Architectural salvage stores—venues that specialize in reselling hardware, windows, doors, and other home details you won’t often find in big-box home improvement stores—are known for peddling history. Unlike antiques shops and flea markets, these stores and warehouses focus on building materials as opposed to home decor items like vintage lamps (though you will likely find some of those too.)

If you’re building a house or restoring a historical home, shopping at an architectural salvage store is a no-brainer, as the pieces you’ll find will have a surplus of character when compared to basic builder-grade products. Some items may have even originated in grand homes abroad. “The ways of incorporating architectural salvage in your home are truly endless, from salvaged knobs on dressers to installing entire wood paneled walls or refurbished wood planks for a floor,” says Kate Reggev, an architect and preservationist based in New York City. “The best part is that each item is unique, has a history, and is staying out of a landfill thanks to you and your project.” 

Here is everything you need to know before you step foot into the treasure trove that is an architectural salvage hub.

1. Go early and focus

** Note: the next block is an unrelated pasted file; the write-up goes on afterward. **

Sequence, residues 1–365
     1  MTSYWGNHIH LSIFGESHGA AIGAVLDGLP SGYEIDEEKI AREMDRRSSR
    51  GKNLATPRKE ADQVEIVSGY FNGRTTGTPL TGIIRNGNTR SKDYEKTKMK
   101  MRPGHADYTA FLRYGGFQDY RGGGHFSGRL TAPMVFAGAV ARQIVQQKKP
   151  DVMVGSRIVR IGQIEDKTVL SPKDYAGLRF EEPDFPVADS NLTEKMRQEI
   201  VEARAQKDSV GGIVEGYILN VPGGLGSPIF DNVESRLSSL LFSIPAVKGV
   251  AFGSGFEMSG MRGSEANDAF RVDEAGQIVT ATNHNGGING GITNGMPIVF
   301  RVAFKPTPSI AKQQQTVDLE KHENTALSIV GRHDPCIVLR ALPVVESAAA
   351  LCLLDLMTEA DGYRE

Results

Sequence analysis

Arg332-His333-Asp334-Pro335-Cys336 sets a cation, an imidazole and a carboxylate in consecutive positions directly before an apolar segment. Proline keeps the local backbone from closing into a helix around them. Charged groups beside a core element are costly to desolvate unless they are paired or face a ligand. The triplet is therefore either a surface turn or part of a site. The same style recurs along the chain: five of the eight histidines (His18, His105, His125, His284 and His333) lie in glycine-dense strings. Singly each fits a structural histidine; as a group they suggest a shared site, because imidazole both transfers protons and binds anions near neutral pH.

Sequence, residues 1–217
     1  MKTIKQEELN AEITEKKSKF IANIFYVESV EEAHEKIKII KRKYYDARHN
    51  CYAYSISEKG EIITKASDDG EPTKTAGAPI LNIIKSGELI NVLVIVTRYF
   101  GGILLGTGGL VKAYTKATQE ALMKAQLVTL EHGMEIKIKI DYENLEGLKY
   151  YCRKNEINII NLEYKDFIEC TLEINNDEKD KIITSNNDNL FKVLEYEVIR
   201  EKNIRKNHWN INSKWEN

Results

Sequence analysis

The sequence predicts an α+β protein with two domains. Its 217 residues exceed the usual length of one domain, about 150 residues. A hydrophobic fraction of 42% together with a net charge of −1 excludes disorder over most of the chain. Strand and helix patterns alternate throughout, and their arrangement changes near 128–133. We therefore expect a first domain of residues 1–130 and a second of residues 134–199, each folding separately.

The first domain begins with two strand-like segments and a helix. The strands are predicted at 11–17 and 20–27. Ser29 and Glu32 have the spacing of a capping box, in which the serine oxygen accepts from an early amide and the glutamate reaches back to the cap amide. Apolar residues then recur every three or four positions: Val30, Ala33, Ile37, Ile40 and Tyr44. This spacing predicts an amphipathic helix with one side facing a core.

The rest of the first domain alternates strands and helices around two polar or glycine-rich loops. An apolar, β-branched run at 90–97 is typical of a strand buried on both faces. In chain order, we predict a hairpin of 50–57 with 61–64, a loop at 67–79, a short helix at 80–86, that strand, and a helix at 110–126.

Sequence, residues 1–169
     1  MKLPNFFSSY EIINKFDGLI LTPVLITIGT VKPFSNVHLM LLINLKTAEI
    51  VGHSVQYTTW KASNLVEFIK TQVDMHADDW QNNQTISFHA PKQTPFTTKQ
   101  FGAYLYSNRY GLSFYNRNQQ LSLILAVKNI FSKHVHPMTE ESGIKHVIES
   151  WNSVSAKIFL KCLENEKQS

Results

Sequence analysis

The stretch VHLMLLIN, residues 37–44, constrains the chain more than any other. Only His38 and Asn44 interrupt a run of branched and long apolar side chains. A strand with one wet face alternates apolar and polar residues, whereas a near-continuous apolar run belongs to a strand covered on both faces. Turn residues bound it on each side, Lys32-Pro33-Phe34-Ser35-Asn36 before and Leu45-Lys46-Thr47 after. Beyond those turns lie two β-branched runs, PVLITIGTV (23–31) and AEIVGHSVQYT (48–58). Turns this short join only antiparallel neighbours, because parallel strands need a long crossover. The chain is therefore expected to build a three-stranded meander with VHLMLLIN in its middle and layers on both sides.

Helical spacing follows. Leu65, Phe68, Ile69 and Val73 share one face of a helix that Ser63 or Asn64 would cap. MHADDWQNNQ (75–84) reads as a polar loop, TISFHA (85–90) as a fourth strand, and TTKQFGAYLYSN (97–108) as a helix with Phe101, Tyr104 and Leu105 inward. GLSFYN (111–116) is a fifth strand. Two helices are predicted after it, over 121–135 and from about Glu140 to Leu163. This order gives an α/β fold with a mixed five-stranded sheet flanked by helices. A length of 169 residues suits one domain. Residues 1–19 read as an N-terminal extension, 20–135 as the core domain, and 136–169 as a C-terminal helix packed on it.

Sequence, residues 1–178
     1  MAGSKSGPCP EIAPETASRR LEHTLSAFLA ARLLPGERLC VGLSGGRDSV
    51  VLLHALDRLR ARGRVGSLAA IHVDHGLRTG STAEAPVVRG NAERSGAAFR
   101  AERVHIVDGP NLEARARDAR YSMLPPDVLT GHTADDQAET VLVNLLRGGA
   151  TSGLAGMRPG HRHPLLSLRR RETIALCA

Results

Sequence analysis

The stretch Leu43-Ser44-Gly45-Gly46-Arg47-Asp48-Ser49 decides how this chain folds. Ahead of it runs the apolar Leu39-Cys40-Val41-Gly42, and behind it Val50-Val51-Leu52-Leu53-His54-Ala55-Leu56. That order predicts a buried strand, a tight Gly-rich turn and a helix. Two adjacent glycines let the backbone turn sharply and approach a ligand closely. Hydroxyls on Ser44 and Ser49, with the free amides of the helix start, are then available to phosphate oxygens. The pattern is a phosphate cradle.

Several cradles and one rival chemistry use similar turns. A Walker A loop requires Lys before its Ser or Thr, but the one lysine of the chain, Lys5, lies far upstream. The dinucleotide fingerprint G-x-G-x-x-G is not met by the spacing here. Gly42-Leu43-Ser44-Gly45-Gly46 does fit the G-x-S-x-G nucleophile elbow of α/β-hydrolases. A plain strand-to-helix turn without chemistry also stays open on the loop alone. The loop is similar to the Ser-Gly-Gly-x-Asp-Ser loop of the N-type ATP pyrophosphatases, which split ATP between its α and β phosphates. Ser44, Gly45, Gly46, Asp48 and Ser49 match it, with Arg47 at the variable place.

While most architectural salvage stores don’t advertise, there is likely one in your area. To search, type in “your city + architectural salvage” into the search bar. Now you can begin your hunt. Start early (and maybe even eat a good breakfast) as these spaces can be a bit overwhelming. It helps if you have some items that you want to zero in on, but if not, break up the store into sections and peruse carefully. It helps to snap photos of the “maybe” items as you browse, then loop back for the final selection. 

If you’re restoring a historic home, bring photos of what you need to replace. “Do some research about your home to see what would have been the original details for the year and style of house you have,” says Wendy Chambers of Pasadena Architectural Salvage, which specializes in vintage and reproduction building materials from 1880 to 1960. “Bring pictures of original hardware you may want to match,” Chambers says.

2. Bring specs

To get the most out of your shopping trip, come prepared. Looking to replace a simple door with a Craftsman-style oak door, or seeking a claw-foot tub for your bathroom? You’ll need to have the measurements to make sure the product of your choosing will actually fit in your home. This is especially important with doors, as older homes used larger or more narrow doors than most modern houses. And don’t forget to measure your home’s entrances so you can actually get the items inside. For this shopping trip, measuring tape is a must-have item to have on hand.

3. Pay attention to the materials

Before you buy an old door or window, find out what it’s made of. Some pieces like these could have lead paint, especially doors painted before the 1970s, and others might be made of wood, such as yellow pine, that can be appealing to termites. If you’re buying a lock, make sure you have the key or that it can be adapted to fit a standard key. 

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